Q. Are other children at risk from a child who has AIDS or ARC or who are HIV positive?

 A. No. There is no evidence at all that unaffected children are at risk from the presence on a project of a child with AIDS or ARC or who are HIV positive. Casual person-to-person contact such as occurs in school or at play facilities presents no risk of spreading the HIV. Even intimate contact within a family where a child is infected (e.g. haemophiliacs) has not led to infection spreading in the family.

Q. How should the situation of a child's having AIDS or ARC or being HIV positive becoming revealed be handled?

 A. If a rumour spreads about a child to an extent where it might seem to have some basis, or where a child's health is deteriorating with an implication of AIDS, there will be obvious concern for the child by play workers who know him/her. But the issue of finding out must be handled with the utmost tact. In the end, it must come down to a voluntary decision by the parents that the project should know. Whilst a play project with good links to the family concerned may find the parents "opening up", the crucial issue is that this should only be to find out for the child's sake, and care should be taken never to suggest that this is a first stage to exclude a child. Indeed, perhaps the only reasons to need to directly enquire might be connected with resisting pressure from e.g. other parents that a child be excluded. No child should be excluded from any play facility because of such pressure or because he has AIDS or ARC or is HIV positive.

Many projects, however, will not need to find out if specific children are infected. The adoption of appropriate first aid and hygiene measures for dealing with all children who use a facility will allow for this approach which may well be the best general one to adopt.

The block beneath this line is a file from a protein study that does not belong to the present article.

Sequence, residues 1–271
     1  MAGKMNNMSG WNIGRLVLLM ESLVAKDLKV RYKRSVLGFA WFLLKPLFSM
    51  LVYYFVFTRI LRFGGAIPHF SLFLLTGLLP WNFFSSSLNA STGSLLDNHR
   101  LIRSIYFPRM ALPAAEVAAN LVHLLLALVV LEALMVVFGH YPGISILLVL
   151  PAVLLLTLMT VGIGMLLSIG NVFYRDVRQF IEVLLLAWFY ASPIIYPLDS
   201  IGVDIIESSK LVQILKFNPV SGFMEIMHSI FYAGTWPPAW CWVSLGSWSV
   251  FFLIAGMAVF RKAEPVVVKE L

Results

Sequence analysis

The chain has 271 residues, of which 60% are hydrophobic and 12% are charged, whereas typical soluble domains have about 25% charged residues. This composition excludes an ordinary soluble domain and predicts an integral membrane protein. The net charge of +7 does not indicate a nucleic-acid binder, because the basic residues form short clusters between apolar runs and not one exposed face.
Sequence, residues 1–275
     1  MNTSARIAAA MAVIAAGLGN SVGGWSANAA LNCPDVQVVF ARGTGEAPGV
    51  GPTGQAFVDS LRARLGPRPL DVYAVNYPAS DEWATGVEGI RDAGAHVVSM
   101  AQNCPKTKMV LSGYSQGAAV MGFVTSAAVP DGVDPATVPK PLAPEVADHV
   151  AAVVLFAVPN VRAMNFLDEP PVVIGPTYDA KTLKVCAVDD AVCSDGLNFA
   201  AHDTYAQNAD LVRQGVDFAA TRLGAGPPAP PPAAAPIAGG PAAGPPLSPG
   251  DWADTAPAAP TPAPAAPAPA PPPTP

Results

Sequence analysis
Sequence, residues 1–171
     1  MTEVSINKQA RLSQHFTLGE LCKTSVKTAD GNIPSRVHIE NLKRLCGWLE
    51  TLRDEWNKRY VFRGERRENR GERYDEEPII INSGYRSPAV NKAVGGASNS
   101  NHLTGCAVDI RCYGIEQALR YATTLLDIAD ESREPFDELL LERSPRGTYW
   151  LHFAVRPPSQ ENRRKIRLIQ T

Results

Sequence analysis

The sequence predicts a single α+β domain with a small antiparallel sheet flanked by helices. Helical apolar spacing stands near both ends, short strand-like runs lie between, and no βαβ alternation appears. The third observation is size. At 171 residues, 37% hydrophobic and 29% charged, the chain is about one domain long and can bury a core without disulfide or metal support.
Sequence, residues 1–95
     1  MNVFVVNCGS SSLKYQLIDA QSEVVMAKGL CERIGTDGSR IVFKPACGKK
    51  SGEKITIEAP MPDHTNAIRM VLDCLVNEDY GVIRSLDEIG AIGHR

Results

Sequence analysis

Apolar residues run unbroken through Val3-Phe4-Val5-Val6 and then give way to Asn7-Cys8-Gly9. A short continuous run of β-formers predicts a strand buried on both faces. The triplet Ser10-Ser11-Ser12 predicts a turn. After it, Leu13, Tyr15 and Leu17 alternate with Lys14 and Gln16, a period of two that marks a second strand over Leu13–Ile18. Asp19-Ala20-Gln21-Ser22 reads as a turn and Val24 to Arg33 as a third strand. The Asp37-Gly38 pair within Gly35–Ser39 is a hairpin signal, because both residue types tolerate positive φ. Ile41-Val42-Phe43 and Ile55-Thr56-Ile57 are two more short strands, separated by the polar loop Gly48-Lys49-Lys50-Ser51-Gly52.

Those authorities dealing with children infected with HIV have all adopted a strict "need to know" criterion about the release of information about the child. This is a sensible criterion for play projects, their managements and play workers to adopt also. Often the point of contact will be a play worker on session and he/she should consider who in the project really needs to know. It may be worthwhile having discussion on a fixed line and defined area of communication. For example, perhaps just the chair of a management committee should know in addition to a play worker and his/her supervisor/ leader. It may be that a project will consider that all play workers should be aware of the situation but this should be counterbalanced against the general principle of who it is essential must know.

If parents of other children do pressure about a child with AIDS or ARC or who is HIV positive using facilities, an important task will be their re-assurance that the child's presence poses no threat to the well-being of other kids, and that general health precautions adopted anyway by projects would be safeguard enough.

 

Children's habits, behaviour and hygiene.

This applies to all children not just where AIDS/HIV is known - it is precautionary.

Incontinence - this requires observance of the hygiene measures set out below.

Sucking, chewing and putting things in mouth - putting toys, pencils, felt tips, pens etc in mouth is not considered a risk so far as spread of HIV is concerned. But normal hygiene measures should be carried out of course, e.g. the disinfection of musical instruments with mouth-pieces.